Armored archosaur discovery reveals complexity of dinosaur origins

For immediate release ‐ August 03, 2023


Contact: Jon Pishney, 919.707.8083. Images available upon request

Original news story published August 3, 2023. Updated November 20, 2023.

Illustration of Mambachiton fiandohana as it may have looked in life, showing the characteristic paired scutes along its back.Illustration of Mambachiton fiandohana as it may have looked in life, showing the characteristic paired scutes along its back. Art by Matt Celeskey.

A team of American and Malagasy researchers, including NCMNS Research Curator of Paleontology Dr. Christian Kammerer, have discovered a new species of prehistoric reptile that provides important information on the early history of the dinosaur lineage. The new species, Mambachiton fiandohana, was discovered during fieldwork in the Morondava Basin in southwestern Madagascar. It dates back to the Triassic Period, roughly 235 million years ago. Mambachiton would have been a long-necked, quadrupedal animal, and is estimated to have been 4–6 feet (1.5–2 meters) long and weighed between 25–45 pounds (10–20 kilograms).

Silhouette reconstruction of Mambachiton fiandohana, showing the recovered bones of this species in blue (neck vertebrae-preserving armor) and pink.Silhouette reconstruction of Mambachiton fiandohana, showing the recovered bones of this species in blue (neck vertebrae-preserving armor) and pink.

The most interesting aspect of this new species is the presence of bony armor plates, called osteoderms or scutes, atop its vertebrae. Although armor is known in a variety of dinosaurs, it is usually considered a relatively late innovation in dinosaur evolution, first appearing in the Jurassic Period. Previously, all known specimens of Triassic dinosaurs and their close relatives were unarmored, a feature distinguishing them from their distant living relatives the crocodiles. Mambachiton shows that the common ancestor of both dinosaurs (including birds) and crocodiles was armored, and that the presence of armor had a complex evolutionary history in the larger dinosaur-crocodile lineage (called archosaurs). Ancestrally present in animals like Mambachiton, it was lost for most of early dinosaur history, then re-appeared independently in some later dinosaur groups.

“The loss and re-evolution of armor is an important aspect of the story of dinosaur evolution—freeing them from some of the biomechanical body constraints of ancestral archosaurs and potentially contributing to some of the locomotor shifts as dinosaurs diversified into a dizzying array of different ecologies and body forms,” said Dr. Kammerer.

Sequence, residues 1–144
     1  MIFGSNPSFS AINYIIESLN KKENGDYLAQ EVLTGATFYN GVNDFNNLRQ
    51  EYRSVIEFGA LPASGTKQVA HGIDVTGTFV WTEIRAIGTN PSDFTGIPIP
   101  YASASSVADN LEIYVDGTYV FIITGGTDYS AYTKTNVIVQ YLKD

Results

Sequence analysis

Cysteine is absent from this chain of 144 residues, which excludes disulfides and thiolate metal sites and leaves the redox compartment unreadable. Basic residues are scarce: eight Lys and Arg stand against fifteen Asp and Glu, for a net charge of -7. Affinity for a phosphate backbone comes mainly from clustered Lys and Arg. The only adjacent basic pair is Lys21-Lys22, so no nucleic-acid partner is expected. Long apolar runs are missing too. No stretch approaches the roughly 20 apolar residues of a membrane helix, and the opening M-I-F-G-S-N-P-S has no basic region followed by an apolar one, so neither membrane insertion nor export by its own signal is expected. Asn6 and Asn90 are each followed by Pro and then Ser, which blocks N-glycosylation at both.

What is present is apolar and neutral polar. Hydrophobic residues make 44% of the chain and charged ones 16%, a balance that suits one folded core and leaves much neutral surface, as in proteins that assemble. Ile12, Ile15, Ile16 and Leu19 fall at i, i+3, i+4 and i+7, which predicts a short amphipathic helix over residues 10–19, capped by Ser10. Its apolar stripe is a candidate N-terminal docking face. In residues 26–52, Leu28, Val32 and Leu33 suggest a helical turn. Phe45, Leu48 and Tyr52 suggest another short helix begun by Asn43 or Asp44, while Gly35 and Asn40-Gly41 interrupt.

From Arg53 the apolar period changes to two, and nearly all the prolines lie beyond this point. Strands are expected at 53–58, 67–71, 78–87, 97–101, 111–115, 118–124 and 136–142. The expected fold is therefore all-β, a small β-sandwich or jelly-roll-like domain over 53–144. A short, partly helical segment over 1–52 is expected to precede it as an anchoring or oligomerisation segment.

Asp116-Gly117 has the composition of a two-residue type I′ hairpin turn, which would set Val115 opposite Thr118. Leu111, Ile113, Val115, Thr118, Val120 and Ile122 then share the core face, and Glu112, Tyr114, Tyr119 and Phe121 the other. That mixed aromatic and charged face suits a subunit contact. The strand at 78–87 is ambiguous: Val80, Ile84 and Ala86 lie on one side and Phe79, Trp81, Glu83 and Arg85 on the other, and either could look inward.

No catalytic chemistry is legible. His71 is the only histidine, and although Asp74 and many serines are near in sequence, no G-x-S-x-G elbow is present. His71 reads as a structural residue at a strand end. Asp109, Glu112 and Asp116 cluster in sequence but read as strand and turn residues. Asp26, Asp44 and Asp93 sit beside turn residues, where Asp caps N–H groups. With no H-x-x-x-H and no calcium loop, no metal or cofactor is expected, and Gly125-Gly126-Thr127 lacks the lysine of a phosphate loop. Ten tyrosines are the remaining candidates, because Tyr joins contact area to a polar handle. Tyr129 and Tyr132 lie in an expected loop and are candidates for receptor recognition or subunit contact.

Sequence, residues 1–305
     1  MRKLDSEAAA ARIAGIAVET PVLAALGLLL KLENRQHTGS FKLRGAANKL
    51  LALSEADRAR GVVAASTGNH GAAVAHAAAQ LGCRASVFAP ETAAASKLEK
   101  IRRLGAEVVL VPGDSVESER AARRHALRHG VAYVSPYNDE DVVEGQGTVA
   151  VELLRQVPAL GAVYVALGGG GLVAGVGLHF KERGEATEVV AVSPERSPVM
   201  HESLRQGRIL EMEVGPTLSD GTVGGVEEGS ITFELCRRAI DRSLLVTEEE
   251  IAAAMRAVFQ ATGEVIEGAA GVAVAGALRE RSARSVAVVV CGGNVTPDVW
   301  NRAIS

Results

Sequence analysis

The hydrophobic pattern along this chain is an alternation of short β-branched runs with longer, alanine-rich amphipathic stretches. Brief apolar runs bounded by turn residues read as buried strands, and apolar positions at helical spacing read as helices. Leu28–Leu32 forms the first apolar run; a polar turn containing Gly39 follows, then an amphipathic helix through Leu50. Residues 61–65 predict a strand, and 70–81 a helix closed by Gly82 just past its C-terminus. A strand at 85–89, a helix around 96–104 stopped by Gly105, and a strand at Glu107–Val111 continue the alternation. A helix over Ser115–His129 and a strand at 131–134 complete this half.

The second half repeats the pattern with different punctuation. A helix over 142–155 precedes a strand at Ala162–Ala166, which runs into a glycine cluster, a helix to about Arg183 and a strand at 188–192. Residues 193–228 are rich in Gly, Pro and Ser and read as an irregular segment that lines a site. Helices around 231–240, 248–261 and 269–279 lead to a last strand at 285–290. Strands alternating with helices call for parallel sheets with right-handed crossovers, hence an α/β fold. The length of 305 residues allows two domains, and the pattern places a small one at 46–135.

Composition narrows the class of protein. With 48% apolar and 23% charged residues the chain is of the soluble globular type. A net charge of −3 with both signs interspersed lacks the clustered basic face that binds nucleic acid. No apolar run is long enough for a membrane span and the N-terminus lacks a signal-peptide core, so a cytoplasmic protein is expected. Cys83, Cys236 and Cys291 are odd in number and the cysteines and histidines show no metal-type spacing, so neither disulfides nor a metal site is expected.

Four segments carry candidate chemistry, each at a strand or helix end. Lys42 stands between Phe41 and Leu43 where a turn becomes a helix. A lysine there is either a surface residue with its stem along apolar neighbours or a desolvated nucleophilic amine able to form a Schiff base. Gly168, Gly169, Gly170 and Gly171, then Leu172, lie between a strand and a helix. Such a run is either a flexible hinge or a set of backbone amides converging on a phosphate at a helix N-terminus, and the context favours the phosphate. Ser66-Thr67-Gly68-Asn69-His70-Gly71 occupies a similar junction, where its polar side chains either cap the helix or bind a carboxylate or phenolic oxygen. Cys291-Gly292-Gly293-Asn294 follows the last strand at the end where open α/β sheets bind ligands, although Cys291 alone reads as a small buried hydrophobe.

“Mambachiton demonstrates that retention of ancestral features or acquisition of new traits depend on interactions within the ecosystem,” said project co-leader Dr. Lovasoa Ranivoharimanana of the University of Antananarivo in Madagascar. “When a character is essential, it is retained, but when it is no longer useful, it disappears.”

Mambachiton is the latest addition to an extremely rich fauna of Triassic animals from southwestern Madagascar. Other fossil species found at this locality include Kongonaphon, a squirrel-sized, bipedal archosaur related to the flying pterosaurs, the beaked, plant-eating reptile Isalorhynchus, and a variety of synapsids, the group including animals and their extinct relatives. “Fossils from Madagascar are very important for our understanding of what is happening globally during the Triassic”, said Dr. Kammerer. “Most fossils of this age come from South America, making it hard to tell if the observed faunas there are typical of the time period as a whole, or are unique to one region. Fieldwork in understudied regions with Triassic outcrops are vital to reconstructing the evolutionary history of a variety of animal groups—dinosaurs, crocodiles, mammals—around the time of their origination.”

Co-authors on the study included Sterling Nesbitt from Virginia Tech, Emily Patellos from the University of Southern California and Virginia Tech, John Flynn from the American Museum of Natural history, and André Wyss from the University of California, Santa Barbara.

Funding or other support was provided in part by the National Geographic Society (grant #s 5957-97, 6271-98, and 7052-01); World Wide Fund for Nature/World Wildlife Fund, Madagascar; the Division of Paleontology at the American Museum of Natural History; and the Field Museum of Natural History Meeker Family Fellowship. The joint Madagascar-U.S. paleontological exploration, research, and education program was supported by the Université d’Antananarivo, Ministère de L’Enérgie et des Mines, and ICTE/MICET (Madagascar), and the American Museum of Natural History, Field Museum of Natural History, and University of California-Santa Barbara (U.S.).

Link to paper:

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